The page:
FOX, Thomas (1622-66), of the Moat House, Tamworth, Staffs. and Whitefriars, London.

Published in The History of Parliament: the House of Commons 1660-1690, ed. B.D. Henning, 1983
Available from Boydell and Brewer



Family and Education

b. 4 Mar. 1622, 3rd s. of Edward Fox, mercer (d.1640) of Birmingham, Warws. by Elizabeth, da. and h. of Hugh Grasbrook of Hints, Staffs. educ. I. Temple 1648, called 1656. m. (1) Mary, da. of Richard Mason of Newton, Salop, s.p.; (2) 28 Sept. 1654, Judith, da. of Sir Henry Boothby, 1st Bt., of Bradlow Ash, Derbys., s.p.1

Offices Held

Capt. (parliamentary) ?to 1646.2

Agent for sequestrations, Salop 1650-5; town clerk, Tamworth to 1663; commr. for scandalous ministers, Staffs. 1654, assessment, Warws. 1657, Staffs. and Warws. Aug. 1660-1, militia, Staffs. Mar. 1660; j.p. Staffs. Mar.-July 1660.3


Fox and his elder brothers were all in arms for Parliament in the Civil War, and he may also have been a kinsman of Col. John Fox, the ‘jovial tinker’ and commander of the Edgbaston garrison. A scrivener by trade, he settled in Shrewsbury on demobilization and read for the bar, while acting as sequestrator of Royalists’ estates. He became town clerk of Tamworth, perhaps on the recommendation of his ‘worthy friend’ Michael Biddulph, a Presbyterian like himself, and was returned for the borough to Richard Cromwell’s Parliament, and again at the general election of 1660. In the Convention he was appointed only to the committees to investigate the unauthorized publication of parliamentary proceedings and to draft a proviso to the indemnity bill for protecting the purchasers of estates, and after the summer recess to those for the bills to suppress profanity and settle the militia. Although an inactive committeeman and a silent Member, he doubtless voted with the Opposition and did not stand again. A report on the Staffordshire gentry, after recalling his military record and ‘violent’ religious convictions, described him as ‘moneyed’, with ‘very able and dangerous parts, being bred up to the law’. On removal from office by the commissioners of corporations, he made over his estate, valued at £200 p.a., to his brother-in-law Sir William Boothby, and settled in London. He died in Dublin in 1666, presumably on a visit to his brother, whose grandson George Fox was returned for Hindon as a Tory in 1741.4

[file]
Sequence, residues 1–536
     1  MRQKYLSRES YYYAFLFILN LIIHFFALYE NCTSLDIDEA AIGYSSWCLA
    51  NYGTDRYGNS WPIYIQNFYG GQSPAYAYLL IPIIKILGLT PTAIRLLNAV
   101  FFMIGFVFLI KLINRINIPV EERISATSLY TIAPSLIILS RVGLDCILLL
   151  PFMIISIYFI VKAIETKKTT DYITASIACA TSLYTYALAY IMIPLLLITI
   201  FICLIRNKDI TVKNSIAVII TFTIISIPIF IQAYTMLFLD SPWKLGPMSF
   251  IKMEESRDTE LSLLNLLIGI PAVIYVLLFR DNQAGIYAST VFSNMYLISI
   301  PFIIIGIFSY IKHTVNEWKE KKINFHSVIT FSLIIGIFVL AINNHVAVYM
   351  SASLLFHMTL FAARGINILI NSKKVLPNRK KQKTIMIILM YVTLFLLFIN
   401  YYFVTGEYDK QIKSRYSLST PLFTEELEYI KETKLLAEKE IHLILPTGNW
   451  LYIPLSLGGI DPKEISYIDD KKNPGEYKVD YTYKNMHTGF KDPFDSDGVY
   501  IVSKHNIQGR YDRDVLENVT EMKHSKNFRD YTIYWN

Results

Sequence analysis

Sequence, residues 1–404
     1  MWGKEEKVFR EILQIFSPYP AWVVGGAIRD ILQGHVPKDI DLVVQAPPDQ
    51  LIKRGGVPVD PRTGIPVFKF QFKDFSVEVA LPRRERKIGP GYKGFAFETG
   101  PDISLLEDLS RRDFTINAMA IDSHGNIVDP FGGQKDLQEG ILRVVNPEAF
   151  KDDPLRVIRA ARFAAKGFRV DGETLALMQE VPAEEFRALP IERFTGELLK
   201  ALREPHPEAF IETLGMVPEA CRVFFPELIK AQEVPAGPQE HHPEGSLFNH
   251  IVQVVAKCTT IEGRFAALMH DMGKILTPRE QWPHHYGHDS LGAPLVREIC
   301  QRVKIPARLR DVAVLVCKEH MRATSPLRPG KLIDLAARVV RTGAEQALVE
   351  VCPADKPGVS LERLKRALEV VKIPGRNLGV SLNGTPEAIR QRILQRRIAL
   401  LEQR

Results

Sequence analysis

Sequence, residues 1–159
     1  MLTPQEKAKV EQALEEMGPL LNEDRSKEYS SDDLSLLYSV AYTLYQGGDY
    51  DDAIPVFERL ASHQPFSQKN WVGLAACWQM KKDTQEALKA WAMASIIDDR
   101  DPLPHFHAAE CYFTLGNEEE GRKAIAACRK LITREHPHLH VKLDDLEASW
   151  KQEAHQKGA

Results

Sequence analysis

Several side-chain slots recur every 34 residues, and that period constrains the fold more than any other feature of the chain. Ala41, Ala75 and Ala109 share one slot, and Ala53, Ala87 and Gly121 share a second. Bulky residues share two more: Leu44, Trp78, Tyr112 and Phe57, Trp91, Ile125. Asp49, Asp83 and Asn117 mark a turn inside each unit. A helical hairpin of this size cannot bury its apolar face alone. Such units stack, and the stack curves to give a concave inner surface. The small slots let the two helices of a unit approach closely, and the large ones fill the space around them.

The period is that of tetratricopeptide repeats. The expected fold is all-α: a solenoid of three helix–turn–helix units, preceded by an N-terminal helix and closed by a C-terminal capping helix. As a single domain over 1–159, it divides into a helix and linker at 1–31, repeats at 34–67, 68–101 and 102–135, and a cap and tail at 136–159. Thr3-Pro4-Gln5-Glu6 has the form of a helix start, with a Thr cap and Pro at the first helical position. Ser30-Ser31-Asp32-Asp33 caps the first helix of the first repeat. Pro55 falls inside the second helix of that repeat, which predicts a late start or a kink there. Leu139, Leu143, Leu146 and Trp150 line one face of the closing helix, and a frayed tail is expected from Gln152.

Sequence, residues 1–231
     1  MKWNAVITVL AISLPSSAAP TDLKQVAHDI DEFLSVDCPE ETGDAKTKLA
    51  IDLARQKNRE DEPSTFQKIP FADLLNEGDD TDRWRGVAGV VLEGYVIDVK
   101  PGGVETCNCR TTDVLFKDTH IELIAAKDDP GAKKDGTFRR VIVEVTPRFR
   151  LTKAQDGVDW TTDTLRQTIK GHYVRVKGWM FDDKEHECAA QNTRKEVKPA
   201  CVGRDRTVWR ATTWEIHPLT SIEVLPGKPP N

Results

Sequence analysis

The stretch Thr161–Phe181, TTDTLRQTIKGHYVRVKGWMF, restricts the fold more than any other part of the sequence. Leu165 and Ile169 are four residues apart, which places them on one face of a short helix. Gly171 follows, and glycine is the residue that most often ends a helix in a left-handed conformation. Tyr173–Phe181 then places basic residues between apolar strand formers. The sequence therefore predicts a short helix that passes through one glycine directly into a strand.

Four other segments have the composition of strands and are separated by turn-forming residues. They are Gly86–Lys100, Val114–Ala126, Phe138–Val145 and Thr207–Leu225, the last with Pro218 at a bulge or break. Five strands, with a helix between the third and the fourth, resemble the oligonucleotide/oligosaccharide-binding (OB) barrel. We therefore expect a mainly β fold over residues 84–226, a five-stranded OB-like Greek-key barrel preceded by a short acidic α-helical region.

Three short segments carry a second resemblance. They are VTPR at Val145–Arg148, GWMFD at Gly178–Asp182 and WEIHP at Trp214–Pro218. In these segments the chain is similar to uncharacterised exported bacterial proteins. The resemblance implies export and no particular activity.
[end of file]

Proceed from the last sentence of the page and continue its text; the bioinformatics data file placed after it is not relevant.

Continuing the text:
Ref Volumes: 1660-1690

Authors: M. W. Helms / A. M. Mimardière


  • 1. Glover, Derbys. ii. 582; Shaw, Staffs. i. 422; Add 28176, f. 224.
  • 2. Active Parliamentarians (Staffs. Rec. Soc. ser. 4, ii), 61.
  • 3. Cal. Comm. Comp. 319, 725; CSP Dom. 1663-4, p. 23.
  • 4. Gentry of Staffs. (Staffs. Rec. Soc. ser. 4, ii), 16.